The Five Paths to Nature Journaling

A nature journal can be a record of a journey; but it can also be a journey in itself.

With the use of creative prompts, activities, and tools, the nature journal can be become your tour guide, shepherding you through deeper interactions with wild places. Many people think of a nature journal as a place to record their observations and thoughts while in nature. However, a journal can be a platform for fully immersing yourself in a place and engaging all your senses. The nature journal can be an invitation to play, as you hunt for shapes, take photographs with your imagination, and map out the micro world under your footprint. This journey also extends beyond the here and now, reaching back to the past and forward toward the “what ifs” of the future. The journaling journey may inspire you to shed your human eyes and “try on” a pair of animal eyes. What is your experience in this place as a dragonfly or coyote? A snake or a hawk? Each venture into nature, each journaling session, each blank page is the beginning of a creative journey.

Years ago, I was invited to teach a two-day nature journaling workshop to a group of elementary school teachers and their students. The site of the workshop couldn’t have been more lovely. Wild Thyme Farm (near Olympia, WA) provided woods, meadows, gardens, pastures, and fields for our wanderings and wonderings. As I planned the workshop, I developed the idea of there being different paths toward nature journaling. These five paths provide a variety of entry points to the blank page. A journaling session could sample an activity from all five pathways, or just focus on one. For our workshop, I guided participants through all five paths, creating a journey as we moved from awareness and observational activities to shift from our “city eyes” to our “nature eyes” and open ourselves to the experience of journaling in the wild, through reflection and expression activities that helped us make meaning from our experience together.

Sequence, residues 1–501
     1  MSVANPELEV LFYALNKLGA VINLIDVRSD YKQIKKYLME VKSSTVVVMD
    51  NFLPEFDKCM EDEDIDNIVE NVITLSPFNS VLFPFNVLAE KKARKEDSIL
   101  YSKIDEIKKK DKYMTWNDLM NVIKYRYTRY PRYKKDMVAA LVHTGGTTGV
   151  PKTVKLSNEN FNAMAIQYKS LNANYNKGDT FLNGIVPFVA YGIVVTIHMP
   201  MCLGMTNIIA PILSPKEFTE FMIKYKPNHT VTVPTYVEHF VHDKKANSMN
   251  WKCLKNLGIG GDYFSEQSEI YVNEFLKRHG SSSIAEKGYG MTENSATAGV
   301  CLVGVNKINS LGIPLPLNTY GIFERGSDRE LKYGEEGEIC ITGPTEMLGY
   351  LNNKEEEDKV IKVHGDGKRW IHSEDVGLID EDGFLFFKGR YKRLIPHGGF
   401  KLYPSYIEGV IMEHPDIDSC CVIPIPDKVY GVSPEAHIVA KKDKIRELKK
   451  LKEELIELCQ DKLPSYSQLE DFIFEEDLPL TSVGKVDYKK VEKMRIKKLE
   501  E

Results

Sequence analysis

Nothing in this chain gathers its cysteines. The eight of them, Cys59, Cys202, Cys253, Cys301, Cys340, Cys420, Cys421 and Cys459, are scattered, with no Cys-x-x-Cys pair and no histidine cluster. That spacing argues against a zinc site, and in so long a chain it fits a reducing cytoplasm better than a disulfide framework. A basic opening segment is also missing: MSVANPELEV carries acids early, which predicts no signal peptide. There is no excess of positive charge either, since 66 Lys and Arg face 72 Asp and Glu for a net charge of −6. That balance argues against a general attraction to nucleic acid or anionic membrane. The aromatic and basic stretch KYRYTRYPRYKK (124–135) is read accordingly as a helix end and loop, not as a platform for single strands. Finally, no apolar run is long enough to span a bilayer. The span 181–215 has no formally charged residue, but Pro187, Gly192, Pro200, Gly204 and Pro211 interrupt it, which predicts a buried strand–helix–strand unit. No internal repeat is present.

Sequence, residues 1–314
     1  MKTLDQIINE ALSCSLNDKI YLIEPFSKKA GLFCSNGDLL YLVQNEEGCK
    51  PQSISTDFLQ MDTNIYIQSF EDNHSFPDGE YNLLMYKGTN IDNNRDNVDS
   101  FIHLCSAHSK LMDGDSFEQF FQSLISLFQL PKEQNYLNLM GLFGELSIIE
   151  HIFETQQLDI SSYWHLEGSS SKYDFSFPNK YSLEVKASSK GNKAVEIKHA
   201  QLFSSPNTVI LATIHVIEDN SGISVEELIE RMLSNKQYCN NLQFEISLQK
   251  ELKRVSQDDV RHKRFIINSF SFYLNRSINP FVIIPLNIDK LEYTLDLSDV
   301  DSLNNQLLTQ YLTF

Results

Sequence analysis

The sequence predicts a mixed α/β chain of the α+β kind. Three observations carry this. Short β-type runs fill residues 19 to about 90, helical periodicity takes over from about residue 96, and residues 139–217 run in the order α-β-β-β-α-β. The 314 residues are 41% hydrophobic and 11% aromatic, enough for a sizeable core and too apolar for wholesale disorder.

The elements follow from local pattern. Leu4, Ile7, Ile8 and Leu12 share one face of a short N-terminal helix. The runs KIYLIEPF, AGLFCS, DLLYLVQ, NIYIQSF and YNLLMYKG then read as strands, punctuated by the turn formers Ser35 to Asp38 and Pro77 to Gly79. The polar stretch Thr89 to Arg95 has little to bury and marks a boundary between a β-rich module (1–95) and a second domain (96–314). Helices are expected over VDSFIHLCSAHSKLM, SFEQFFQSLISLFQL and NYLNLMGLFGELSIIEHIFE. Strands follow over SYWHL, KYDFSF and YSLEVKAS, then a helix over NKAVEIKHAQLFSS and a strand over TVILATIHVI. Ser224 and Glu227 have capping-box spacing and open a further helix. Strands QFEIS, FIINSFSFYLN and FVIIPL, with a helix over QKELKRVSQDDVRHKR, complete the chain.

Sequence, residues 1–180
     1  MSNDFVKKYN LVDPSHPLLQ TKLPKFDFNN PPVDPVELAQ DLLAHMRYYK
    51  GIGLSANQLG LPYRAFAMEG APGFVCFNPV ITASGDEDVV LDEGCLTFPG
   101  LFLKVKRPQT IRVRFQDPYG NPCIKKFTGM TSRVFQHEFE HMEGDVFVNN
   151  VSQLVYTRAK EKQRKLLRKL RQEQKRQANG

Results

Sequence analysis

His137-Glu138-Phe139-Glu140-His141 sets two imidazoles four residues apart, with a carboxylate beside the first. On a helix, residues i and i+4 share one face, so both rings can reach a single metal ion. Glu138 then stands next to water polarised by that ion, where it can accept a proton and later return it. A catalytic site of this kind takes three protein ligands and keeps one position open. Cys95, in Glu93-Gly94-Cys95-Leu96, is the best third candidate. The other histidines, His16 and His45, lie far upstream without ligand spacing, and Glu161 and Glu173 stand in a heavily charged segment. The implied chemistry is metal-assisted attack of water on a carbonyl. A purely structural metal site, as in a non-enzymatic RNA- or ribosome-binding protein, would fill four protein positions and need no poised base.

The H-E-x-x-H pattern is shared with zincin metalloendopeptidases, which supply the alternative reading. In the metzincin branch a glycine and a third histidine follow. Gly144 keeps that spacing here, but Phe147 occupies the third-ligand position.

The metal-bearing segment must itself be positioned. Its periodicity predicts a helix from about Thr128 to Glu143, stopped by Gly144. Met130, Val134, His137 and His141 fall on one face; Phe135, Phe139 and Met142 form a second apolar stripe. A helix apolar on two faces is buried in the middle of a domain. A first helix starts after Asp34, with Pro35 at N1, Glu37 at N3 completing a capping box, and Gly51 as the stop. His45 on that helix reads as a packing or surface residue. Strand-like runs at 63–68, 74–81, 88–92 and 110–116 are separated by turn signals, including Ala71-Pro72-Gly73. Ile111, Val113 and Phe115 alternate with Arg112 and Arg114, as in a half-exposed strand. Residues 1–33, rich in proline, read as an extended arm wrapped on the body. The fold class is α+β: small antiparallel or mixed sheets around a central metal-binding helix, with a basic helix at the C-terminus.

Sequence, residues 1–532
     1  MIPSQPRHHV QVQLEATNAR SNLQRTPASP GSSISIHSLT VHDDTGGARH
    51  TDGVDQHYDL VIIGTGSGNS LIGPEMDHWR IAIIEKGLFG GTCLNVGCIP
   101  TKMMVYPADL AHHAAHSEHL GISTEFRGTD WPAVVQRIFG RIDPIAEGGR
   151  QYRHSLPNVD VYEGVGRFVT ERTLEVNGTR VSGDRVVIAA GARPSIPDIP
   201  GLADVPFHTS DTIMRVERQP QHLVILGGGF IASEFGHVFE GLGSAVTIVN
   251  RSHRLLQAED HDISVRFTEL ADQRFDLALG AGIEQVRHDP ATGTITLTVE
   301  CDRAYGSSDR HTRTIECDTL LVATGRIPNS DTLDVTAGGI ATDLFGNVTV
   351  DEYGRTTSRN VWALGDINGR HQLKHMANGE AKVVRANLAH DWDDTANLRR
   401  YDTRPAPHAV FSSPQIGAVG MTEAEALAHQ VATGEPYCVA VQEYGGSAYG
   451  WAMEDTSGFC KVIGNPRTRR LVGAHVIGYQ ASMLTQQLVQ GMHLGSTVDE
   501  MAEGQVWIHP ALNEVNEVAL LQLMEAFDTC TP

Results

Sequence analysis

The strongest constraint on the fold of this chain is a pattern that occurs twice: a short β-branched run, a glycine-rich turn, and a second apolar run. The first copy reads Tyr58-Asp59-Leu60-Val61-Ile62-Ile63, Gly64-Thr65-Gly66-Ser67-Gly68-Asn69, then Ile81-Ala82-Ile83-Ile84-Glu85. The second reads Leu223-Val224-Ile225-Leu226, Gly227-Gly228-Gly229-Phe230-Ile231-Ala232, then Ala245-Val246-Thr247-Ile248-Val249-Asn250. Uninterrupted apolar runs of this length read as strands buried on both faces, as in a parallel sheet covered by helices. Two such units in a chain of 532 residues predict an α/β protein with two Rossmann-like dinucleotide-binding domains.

Kids drawing in their nature journals at Wild Thyme Farm

These five paths are described below and will be expanded in future blog posts.

A Path to Awareness

This pathway includes activities and prompts that encourages the body and mind to slow down, open up, and take notice. It includes games like “camera,” color and shape hunts, and touch exercises.

A Path to Drawing

Once the mind is stilled and eyes are opened, drawing activities can be introduced. This includes practicing field sketching techniques for subjects that rarely hold still (like birds or bugs), such as gesture sketches, as well as creative drawing activities like contour drawing, zoom sketches, and thumbnail mini-masterpieces.

A Path to Observing

This pathway engages the scientific mind, encouraging data collection and scientific notation. Activities include making leaf and bark rubbings, pressing plants, and taking soil/sand samples.

A Path to Remembering

Maps are powerful memory tools. They allow us to record information in a highly accessible–and pleasing–graphic format. In this pathway, maps are used as tools for remembering a place or an experience, including: event maps, sound maps, landscape maps, and micro-treasure maps. Along this pathway, I often encourage people to create fantastic nature art sculptures (a la Andy Goldsworthy) as a way to remember and pay homage to a special natural place.

A Path to Expressing

Writing in the nature journal can be used to record data and observations; it can also go deeper as a tool for reflection and expression. This pathway includes writing prompts, such as free write, animal eyes haiku, and postcard to myself.

A sixth pathway is also worthy of mention: A Path to the Classroom. For classroom teachers and nature educators, the nature journal can be a powerful tool for engaging students in exploration and reflection, as well as a place to play and practice with their writing and drawing skills. When I conduct teacher trainings, we discuss how nature journaling can help meet their state and district standards, connect to their existing classroom curriculum, and serve as assessment opportunities.

 

Nature journaling offers a journey among moss and ferns, soil and roots. It is not just a place to write down what you see; instead, it is a curator of your memories and a docent to your ramblings, both on and off the page.

 

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